Thankfully, this fault (if it may be called that) is offset by the sheer pleasure of piloting vessels across the sky. A common complaint levelled against Sunless Sea was that the ships moved too slowly, but that issue has been rectified. The skytrains are hardly bullet trains, but they clip along at a brisk pace that ensures they can be a match against even multiple foes. Their manoeuvrability is further enhanced by a strafe function that proves invaluable for dodging enemy projectiles and moving while attempting to conserve fuel.

That latter quality also forms part of a delicate balance that players must be aware of while sailing the skies. Not only must the train have enough fuel to reach its destination, but the crew needs to be fed lest cannibalism becomes an imperative. However, these resources take up space in the hold, which might otherwise be reserved for cargo. The desire for profit therefore weighs against the necessities for survival. Perhaps even more important than the physical factors are the mental, for traversing the skies brings a mounting Terror that can be more damaging to the train’s fortunes than even a prolonged battle. Nevertheless, Terror is, for the most part, one of the more manageable variables, being automatically reduced by docking at ports and undertaking similar activities.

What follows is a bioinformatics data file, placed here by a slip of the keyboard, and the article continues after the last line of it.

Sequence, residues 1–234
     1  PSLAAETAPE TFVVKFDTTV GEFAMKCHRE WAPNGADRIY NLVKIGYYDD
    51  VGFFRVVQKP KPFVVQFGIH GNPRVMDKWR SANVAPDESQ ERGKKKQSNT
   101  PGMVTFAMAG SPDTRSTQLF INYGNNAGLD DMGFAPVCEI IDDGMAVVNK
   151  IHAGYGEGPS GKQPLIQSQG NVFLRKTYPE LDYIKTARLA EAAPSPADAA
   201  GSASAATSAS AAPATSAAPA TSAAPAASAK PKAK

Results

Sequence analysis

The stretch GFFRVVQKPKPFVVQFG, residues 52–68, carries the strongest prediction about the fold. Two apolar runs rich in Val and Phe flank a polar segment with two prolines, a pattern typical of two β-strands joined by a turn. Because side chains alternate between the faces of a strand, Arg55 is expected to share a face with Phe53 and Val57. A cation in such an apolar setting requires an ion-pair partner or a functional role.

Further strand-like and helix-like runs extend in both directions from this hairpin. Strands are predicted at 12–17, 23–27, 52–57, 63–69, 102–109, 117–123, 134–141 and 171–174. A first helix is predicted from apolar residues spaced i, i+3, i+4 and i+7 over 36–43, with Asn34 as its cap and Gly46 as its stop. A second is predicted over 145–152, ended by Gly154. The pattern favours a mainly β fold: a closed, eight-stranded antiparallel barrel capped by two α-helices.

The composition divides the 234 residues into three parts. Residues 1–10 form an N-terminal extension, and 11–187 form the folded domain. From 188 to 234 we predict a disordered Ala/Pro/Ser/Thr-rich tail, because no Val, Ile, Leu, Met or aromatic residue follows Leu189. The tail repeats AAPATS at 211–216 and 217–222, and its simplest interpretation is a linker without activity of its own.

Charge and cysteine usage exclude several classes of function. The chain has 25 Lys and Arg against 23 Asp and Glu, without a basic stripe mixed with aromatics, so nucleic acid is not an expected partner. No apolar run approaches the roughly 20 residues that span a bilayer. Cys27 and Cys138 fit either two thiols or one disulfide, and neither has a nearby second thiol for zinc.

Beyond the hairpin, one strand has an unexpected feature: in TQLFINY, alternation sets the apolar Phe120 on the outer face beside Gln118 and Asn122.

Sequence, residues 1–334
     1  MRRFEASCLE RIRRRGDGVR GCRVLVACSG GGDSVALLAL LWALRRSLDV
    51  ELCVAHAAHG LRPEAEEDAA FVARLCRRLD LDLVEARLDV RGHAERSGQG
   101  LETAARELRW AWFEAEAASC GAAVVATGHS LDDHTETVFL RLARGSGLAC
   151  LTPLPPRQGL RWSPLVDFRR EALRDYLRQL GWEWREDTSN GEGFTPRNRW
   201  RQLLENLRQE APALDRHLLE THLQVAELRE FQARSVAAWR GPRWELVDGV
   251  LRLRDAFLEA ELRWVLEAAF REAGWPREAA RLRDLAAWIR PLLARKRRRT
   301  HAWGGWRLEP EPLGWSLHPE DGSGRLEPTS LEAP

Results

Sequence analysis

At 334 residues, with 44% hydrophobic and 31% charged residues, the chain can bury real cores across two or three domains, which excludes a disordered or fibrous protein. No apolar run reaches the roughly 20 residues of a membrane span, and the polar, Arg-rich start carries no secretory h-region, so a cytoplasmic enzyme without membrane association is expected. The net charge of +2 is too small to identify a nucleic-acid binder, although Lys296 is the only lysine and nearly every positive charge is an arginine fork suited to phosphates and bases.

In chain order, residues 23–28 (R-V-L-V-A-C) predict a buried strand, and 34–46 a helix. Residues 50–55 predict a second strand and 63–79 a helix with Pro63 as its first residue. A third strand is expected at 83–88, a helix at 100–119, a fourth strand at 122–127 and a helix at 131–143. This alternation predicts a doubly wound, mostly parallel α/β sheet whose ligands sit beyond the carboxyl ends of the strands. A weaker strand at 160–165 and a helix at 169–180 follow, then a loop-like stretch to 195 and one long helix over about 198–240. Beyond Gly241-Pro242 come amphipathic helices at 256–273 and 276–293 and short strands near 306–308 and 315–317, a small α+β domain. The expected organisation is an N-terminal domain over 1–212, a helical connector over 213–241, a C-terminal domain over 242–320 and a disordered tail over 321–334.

For all the in-game concerns about horrors and nightmares, the spaces of Sunless Skies are, in fact, stunning. The multi-levelled parallax backgrounds provide an impression of immeasurable depth to sell the fiction. Meanwhile, the environmental art itself is a sublime blend of unsettling and engrossing, not to mention wildly varied. From nightmare mutations of the natural world in The Reach to the industrial megametropolis of Albion and even more varied climes beyond, the game never wearies of presenting breathtaking visions, all wrapped up in a steampunk aesthetic that skirts realism. Matching the visuals is a gentle soundtrack that tends to foreground environmental sounds rather than the score, except in combat when the lonesome guitar strings twang, bringing to mind Firefly more than anything else.

The comparison to Joss Whedon’s short-lived television series is apt, with similarities extending beyond the music to the genre-bending space adventure and focus on stories that explore humanity in straits. Imperialism, the value of time, the tenuous nature of reality, and the mysteries of the cosmos are just some of the themes that emerge in the strange world of Sunless Skies, contributing to a tapestry of a richness almost unparalleled in the world of video games. The overall pace of the game is staid, but its brilliant simplicity is to be commended, and, come year’s end, it could prove enough to make Sunless Skies a strong Game of the Year contender.

OnlySP Review Score 4 Distinction

Reviewed on PC.

Related posts

Troy Baker Discusses His Return as Joel in The Last of Us Part II

Rhain Radford-Burns

How the Infinity Ward Veterans at Winterborn Games are Designing Their Dream Tactical RPG

Chris Coker

Exclusive: Nolan North Talks Uncharted 5: “You Don’t Want To Jump The Shark”

Rhain Radford-Burns